- President Biden signed the Inflation Reduction Act of 2022 Tuesday — changing key elements of the federal EV tax credit.
- A new requirement comes into effect immediately that EVs are manufactured in North America to qualify for the $7,500 credit.
- The U.S. Department of Energy and Internal Revenue Service published updated guidance on how the law affects EVs, and which vehicles may qualify under the new rules.
- This updated EV tax credit applies to vehicles purchased after August 16, 2022.
Some electric models will once again be eligible for a $7,500 tax credit in January 2023.
On Tuesday, President Joe Biden signed the Inflation Reduction Act into law, codifying significant changes to how the federal EV tax credit will work moving forward. Most critically, a provision stipulating that electric cars must have final assembly in North America disqualifies roughly 70% of the models that were previously eligible, according to the Alliance for Automotive Innovation. Over time, some manufacturers will have to seriously rework their supply chain logistics and vehicle production if they want their cars to actually make the cut.
So, which cars do actually still qualify? There’s been intense discussion on the matter, and now that the law is firmly in place, the U.S. Department of Energy published a list of the 20-or-so cars for which you can claim the $7,500 credit this year. Keep in mind that North American assembly requirement, though, as the IRS states that some vehicles may qualify — so making it on that list is not necessarily a guarantee. Both agencies pointed to the National Highway Traffic Safety Administration’s VIN decoder to help drill down into where the electric car you’re shopping for is actually built.
Some vehicles — like all Tesla models, for example — are still subject to the old 200,000-unit manufacturer cap through the rest of this year. Those cars will not be eligible for the “Clean Vehicle Credit” this year, but will qualify once again in 2023, so long as those models still meet the final assembly requirement.
No EVs from Hyundai, Kia, Porsche or Toyota currently qualify for the fresh EV tax credit, with one exception.
If you bought a vehicle outside the list before August 16, you do still qualify for the tax credit.
There is a transition rule in place (at least, what counts as a “transition” by U.S. government standards) for those who bought their EVs before August 16, 2022. According to the IRS:
“If you entered into a written binding contract to purchase a new qualifying electric vehicle before August 16, 2022, but do not take possession of the vehicle until on or after August 16, 2022 (for example, because the vehicle has not been delivered), you may claim the EV credit based on the rules that were in effect before August 16, 2022. The final assembly requirement does not apply before August 16, 2022.“
Finally, if automakers rework their production to accommodate the Inflation Reduction Act, they may make it onto the DoE’s list at a later date. If you’re in the market, make sure to check back frequently to see if the vehicle you’re interested in may be listed on the agency’s website, in addition to using the VIN decoder.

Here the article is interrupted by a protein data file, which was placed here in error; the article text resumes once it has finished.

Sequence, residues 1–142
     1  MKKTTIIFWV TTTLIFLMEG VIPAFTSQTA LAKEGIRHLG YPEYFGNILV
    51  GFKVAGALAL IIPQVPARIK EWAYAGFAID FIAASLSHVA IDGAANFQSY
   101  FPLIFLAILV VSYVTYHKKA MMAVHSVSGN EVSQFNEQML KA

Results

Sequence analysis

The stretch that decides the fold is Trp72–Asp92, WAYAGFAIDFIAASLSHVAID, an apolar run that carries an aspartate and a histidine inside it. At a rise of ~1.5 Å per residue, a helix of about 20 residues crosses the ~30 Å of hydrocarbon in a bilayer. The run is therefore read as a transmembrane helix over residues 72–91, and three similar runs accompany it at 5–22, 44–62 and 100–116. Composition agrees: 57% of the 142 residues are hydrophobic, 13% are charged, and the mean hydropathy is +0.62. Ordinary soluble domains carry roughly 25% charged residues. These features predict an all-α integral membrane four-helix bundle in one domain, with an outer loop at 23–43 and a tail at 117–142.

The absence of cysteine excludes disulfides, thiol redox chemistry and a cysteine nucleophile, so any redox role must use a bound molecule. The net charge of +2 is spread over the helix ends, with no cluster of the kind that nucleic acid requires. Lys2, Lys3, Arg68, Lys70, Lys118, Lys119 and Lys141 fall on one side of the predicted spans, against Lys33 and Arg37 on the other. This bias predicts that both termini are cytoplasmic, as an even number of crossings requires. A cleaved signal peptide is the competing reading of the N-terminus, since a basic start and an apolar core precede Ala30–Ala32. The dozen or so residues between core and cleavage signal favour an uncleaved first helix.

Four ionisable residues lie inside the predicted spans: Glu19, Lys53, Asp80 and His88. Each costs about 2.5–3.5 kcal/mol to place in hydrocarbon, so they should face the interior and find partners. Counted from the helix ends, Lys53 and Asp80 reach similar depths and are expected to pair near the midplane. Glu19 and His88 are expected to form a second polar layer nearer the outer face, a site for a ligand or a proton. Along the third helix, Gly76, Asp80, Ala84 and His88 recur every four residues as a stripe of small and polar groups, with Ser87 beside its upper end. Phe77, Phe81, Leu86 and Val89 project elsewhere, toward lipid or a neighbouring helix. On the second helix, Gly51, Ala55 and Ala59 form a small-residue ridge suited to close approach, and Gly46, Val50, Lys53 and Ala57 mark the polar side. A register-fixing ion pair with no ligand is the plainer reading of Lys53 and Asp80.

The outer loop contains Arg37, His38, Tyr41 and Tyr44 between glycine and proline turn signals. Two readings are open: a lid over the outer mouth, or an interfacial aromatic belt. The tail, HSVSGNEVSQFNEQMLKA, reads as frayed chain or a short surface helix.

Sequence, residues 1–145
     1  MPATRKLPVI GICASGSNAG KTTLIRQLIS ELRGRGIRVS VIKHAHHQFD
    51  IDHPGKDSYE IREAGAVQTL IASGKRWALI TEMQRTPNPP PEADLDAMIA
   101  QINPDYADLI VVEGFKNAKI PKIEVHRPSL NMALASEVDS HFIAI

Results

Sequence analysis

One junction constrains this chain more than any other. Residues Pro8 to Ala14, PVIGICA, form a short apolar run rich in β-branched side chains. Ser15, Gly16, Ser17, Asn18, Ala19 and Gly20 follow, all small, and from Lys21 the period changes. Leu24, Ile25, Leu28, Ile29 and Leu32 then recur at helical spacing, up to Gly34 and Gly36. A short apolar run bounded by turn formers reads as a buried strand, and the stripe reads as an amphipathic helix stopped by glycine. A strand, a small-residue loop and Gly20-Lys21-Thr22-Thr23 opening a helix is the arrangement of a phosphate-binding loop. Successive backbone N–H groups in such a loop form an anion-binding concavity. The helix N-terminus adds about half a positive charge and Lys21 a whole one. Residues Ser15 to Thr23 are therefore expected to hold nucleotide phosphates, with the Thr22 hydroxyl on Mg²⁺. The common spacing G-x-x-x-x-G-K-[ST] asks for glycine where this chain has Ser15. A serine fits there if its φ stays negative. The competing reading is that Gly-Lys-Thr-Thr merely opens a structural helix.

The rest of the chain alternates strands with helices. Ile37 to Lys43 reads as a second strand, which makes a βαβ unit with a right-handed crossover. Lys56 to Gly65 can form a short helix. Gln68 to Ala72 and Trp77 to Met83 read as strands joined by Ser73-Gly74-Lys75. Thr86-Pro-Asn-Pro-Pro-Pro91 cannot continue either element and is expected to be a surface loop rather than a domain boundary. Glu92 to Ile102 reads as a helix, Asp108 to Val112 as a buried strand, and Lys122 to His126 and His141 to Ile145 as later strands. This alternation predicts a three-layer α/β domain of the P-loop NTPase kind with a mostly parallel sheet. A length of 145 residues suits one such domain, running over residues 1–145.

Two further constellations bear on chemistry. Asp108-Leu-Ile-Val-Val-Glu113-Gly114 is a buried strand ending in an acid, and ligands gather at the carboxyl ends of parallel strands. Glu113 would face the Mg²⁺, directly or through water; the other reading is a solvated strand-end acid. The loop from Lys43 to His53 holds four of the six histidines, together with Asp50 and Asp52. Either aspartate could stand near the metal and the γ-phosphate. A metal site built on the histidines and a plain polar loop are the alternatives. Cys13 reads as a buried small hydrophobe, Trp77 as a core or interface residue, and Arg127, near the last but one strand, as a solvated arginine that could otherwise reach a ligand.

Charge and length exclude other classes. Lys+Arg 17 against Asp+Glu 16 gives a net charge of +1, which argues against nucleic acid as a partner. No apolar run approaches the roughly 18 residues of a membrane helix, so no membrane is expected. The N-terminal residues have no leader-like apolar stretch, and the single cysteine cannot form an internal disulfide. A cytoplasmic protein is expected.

More manufacturing provisions kick in come January 1, 2023.
Yet another factor to consider: On January 1, restrictions on component (battery) sourcing and raw materials for the construction of EVs come into play. The law also puts income caps into place: $150,000 for single filers, and $300,000 for joint filers.
By 2024, buyers will also be able to transfer their tax credits to dealers at point-of-sale for an immediate discount, rather than having to put in for the credit when filing their taxes.
2022 Model Year vehicles that may qualify for the revamped EV tax credit
|Model Year||Make/Model||Eligible for tax credit now?|
|2022||Audi Q5 TFSI e (PHEV)||Yes|
|2022||BMW 3 Series (PHEV)||Yes|
|2022||BMW X5 (PHEV)||Yes|
|2022||Chevrolet Bolt EUV (BEV)||No (cap met, ineligible until early 2023)|
|2022||Chevrolet Bolt EV (BEV)||No (cap met, ineligible until early 2023)|
|2022||Chrysler Pacifica (PHEV)||Yes|
|2022||Ford Escape (PHEV)||Yes|
|2022||Ford F-Series (F-150 Lightning BEV)||Yes|
|2022||Ford Mustang Mach-E (BEV)||Yes|
|2022||Ford E-Transit (BEV)||Yes|
|2022||GMC Hummer EV Pickup (BEV)||No (cap met, ineligible until early 2023)|
|2022||GMC Hummer EV SUV (BEV)||No (cap met, ineligible until early 2023)|
|2022||Jeep Grand Cherokee 4xe (PHEV)||Yes|
|2022||Jeep Wrangler 4xe (PHEV)||Yes|
|2022||Lincoln Aviator Grand Touring (PHEV)||Yes|
|2022||Lincoln Corsair Grand Touring (PHEV)||Yes|
|2022||Lucid Air (BEV)||Yes|
|2022||Nissan Leaf (BEV)||Yes|
|2022||Rivian EDV (Electric Delivery Van, BEV)||Yes|
|2022||Rivian R1S (BEV)||Yes|
|2022||Rivian R1T (BEV)||Yes|
|2022||Tesla Model 3 (BEV)||No (cap met, ineligible until early 2023)|
|2022||Tesla Model S (BEV)||No (cap met, ineligible until early 2023)|
|2022||Tesla Model X (BEV)||No (cap met, ineligible until early 2023)|
|2022||Tesla Model Y (BEV)||No (cap met, ineligible until early 2023)|
|2022||Volvo S60 Recharge (PHEV)||Yes|
|2023||BMW 3 Series (PHEV)||Yes|
|2023||Chevrolet Bolt EV (& EUV, BEVs)||No (cap met, ineligible until early 2023)|
|2023||Cadillac Lyriq (BEV)||No (cap met, ineligible until early 2023)|
|2023||Mercedes-Benz EQS (BEV)||Yes|
|2023||Nissan Leaf (BEV)||Yes|
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